11 December 2011

Mind and body and children

Some will tell you that there's no such thing as body, that everything is an illusion created by the mind.

Others will tell you that the mind is simply an extended string of biochemical processes and reactions.  They're probably correct, but being verifiably, scientifically correct isn't always very useful when it comes to broader questions of humanity.

We need to establish and re-establish the lines of communication between our mind and our body.  We need to listen to our body when it tells us that it hurts, and to take that pain seriously.  We need to be able to recognize the hungering of a pained mind as something completely different from the hunger pangs of an empty stomach. We need to know enough of ourselves to know when our words are spoken with truth, and to be able to untangle the knots of our immediate reactions and annoyances when our words are just knee-jerk reactions to what is happening around us.

I'm thinking more and more of how I'm about to enter into a relationship with my daughter, with this little human being who, for the first year or so, doesn't have this distinction.  Dealing with children is difficult, and more and more people find themselves unable or unwilling to do so.  The society that I grew up in is one that isolates itself more and more from small children and lives more and more in the realm of adulthood.  It is a world of the mind, and it cultivates an extremely odd relationship with the body.  In that world, the body is to be controlled wholly by the mind, and the mark of self-control and personal success is a body that has been sculpted and toned to match the intensity of the mind.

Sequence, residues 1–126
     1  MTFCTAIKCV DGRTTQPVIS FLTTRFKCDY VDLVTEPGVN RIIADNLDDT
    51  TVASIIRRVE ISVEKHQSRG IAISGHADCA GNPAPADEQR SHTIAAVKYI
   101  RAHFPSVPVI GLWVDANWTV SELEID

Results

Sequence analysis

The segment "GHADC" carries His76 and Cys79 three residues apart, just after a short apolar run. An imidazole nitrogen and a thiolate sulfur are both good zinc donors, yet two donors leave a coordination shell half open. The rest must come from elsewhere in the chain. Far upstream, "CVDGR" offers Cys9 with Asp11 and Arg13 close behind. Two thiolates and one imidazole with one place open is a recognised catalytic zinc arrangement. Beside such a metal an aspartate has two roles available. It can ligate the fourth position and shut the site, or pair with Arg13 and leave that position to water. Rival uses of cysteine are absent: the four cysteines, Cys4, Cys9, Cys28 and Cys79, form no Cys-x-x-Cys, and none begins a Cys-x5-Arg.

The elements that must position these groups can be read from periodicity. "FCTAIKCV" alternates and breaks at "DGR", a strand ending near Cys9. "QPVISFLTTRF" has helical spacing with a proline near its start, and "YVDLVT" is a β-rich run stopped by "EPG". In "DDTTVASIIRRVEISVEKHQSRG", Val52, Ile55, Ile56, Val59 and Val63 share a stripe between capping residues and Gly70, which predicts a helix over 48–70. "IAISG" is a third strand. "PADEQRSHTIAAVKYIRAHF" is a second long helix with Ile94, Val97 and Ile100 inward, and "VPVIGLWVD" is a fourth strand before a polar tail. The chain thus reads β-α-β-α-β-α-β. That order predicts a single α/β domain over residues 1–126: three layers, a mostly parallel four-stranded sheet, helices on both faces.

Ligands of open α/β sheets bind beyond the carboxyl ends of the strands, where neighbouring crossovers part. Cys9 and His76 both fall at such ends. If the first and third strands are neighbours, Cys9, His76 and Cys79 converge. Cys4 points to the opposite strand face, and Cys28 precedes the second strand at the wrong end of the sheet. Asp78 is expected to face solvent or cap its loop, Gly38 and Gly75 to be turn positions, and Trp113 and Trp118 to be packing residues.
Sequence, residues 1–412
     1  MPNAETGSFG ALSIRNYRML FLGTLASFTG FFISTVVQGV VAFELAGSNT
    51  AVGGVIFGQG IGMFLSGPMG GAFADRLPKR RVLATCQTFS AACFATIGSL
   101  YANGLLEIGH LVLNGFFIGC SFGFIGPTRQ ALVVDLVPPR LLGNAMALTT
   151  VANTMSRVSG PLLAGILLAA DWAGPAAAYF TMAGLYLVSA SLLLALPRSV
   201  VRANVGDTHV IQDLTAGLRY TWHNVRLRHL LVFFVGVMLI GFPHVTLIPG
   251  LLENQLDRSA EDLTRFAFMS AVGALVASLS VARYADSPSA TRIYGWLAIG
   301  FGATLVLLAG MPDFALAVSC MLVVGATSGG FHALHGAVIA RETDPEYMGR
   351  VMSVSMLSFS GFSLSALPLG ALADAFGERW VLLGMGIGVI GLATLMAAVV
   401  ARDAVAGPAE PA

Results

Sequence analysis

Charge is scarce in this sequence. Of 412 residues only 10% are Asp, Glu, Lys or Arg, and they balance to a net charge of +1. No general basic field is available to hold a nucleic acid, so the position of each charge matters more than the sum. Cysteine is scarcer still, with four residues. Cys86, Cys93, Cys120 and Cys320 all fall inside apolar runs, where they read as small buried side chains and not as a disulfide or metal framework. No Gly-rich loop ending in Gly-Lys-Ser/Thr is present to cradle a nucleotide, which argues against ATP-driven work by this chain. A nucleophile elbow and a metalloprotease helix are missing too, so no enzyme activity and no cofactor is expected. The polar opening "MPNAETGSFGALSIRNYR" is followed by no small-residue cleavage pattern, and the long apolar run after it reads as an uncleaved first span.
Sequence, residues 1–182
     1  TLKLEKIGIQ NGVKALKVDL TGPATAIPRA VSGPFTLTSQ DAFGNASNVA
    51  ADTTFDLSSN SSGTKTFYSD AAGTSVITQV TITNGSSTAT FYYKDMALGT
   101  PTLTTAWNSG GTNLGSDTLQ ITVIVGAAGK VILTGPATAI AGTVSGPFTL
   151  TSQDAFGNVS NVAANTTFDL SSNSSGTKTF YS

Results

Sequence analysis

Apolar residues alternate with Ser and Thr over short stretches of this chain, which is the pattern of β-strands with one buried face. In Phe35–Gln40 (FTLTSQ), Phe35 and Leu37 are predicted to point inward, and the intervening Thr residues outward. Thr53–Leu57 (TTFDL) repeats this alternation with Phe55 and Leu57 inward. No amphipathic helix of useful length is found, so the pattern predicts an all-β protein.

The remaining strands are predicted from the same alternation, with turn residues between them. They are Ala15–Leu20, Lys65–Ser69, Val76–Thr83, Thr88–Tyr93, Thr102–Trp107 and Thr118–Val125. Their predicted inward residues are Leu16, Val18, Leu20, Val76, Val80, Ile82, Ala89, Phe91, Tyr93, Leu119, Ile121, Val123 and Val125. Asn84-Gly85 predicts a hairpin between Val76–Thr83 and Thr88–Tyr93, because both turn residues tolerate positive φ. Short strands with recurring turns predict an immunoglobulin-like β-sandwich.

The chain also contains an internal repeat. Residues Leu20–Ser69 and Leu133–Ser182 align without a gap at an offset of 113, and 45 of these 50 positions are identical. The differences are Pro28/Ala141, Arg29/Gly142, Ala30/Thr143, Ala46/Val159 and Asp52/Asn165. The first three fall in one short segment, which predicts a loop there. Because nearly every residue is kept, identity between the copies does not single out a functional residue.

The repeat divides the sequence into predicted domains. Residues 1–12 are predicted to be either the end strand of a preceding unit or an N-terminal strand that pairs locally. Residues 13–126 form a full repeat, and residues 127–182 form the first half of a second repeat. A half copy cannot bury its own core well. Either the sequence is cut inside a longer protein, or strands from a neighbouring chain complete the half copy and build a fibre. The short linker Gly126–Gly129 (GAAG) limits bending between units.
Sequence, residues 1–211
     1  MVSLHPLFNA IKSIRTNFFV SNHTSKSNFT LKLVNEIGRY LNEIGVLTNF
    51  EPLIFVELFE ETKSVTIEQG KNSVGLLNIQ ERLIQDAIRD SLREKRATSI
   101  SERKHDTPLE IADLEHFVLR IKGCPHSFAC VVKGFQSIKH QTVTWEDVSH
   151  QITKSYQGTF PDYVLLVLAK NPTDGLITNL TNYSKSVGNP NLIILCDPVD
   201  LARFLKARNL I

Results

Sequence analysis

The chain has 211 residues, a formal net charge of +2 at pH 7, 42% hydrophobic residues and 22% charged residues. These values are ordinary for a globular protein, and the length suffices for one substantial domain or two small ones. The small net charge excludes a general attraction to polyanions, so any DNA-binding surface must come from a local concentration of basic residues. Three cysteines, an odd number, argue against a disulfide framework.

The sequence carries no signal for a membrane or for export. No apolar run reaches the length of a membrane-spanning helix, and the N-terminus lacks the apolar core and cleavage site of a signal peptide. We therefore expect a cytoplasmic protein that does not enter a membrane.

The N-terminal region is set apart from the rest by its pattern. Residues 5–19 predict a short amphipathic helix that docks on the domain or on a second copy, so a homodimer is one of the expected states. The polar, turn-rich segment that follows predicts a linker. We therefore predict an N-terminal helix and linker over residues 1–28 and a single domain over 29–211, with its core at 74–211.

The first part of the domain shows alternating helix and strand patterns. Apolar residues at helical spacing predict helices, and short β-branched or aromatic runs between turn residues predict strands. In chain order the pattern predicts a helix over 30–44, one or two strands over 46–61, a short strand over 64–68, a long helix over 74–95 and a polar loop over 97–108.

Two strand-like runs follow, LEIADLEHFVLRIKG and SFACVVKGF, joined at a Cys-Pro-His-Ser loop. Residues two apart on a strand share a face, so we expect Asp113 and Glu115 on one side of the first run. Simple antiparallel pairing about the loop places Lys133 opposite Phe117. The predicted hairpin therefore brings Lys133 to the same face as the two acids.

Children are treated in the same way as flabby bodies- banished from restaurants, scowled at by onlookers in the grocery store, treated as a constant reminder that the minds which we treasure so dearly are all too often controlled by a body run amok.  They are a constant reminder to people who believe that they can control every moment of their existence that they can't, and children's inability to control themselves is a constant display of the basic difficulties of the human experience.

Internal and external, practice and example. We need both, a speaking to and a listening to what is going on inside of our bodies and our minds, a willingness to try and the experience of helping those who can't really try yet, if we really want to try to live a good life.

1 comment:

  1. This reminded me of my cousin who has an 8 month old baby boy. He is teething, growing, and learning how to get attention from anyone around him. He cries for all three reasons and as I watch my cousin try to feed him when his gums hurt, and applying teething gel when he's hungry I wonder, 'will she ever know the difference?' or will it be too late and he will be talking and walking by then. At that point, will he cry for the simple fact that it alerts her and it gets her attention for his wants and not his needs.

    I also wonder if it is wise to step in and risk her feeling inadequate. Instead, I pat her on the back and I take the baby with a concern for her not him and let her take a nap. After all, he just needed a diaper change.